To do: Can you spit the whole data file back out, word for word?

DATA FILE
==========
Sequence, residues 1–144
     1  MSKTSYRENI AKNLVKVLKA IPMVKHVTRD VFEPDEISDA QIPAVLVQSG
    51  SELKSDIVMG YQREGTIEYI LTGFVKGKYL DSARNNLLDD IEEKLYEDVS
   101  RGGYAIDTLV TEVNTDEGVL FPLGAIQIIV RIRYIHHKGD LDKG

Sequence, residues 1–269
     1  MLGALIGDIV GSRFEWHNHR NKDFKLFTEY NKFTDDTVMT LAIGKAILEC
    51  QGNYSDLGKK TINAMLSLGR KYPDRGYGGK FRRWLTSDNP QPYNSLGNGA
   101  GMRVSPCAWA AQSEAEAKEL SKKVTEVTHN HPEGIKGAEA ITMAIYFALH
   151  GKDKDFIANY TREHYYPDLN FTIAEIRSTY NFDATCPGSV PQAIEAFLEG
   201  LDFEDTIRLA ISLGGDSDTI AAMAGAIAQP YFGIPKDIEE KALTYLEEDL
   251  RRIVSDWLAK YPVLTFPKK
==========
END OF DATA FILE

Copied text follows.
Sequence, residues 1–144
     1  MSKTSYRENI AKNLVKVLKA IPMVKHVTRD VFEPDEISDA QIPAVLVQSG
    51  SELKSDIVMG YQREGTIEYI LTGFVKGKYL DSARNNLLDD IEEKLYEDVS
   101  RGGYAIDTLV TEVNTDEGVL FPLGAIQIIV RIRYIHHKGD LDKG

Sequence, residues 1–269
     1  MLGALIGDIV GSRFEWHNHR NKDFKLFTEY NKFTDDTVMT LAIGKAILEC
    51  QGNYSDLGKK TINAMLSLGR KYPDRGYGGK FRRWLTSDNP QPYNSLGNGA
   101  GMRVSPCAWA AQSEAEAKEL SKKVTEVTHN HPEGIKGAEA ITMAIYFALH
   151  GKDKDFIANY TREHYYPDLN FTIAEIRSTY NFDATCPGSV PQAIEAFLEG
   201  LDFEDTIRLA ISLGGDSDTI AAMAGAIAQP YFGIPKDIEE KALTYLEEDL
   251  RRIVSDWLAK YPVLTFPKK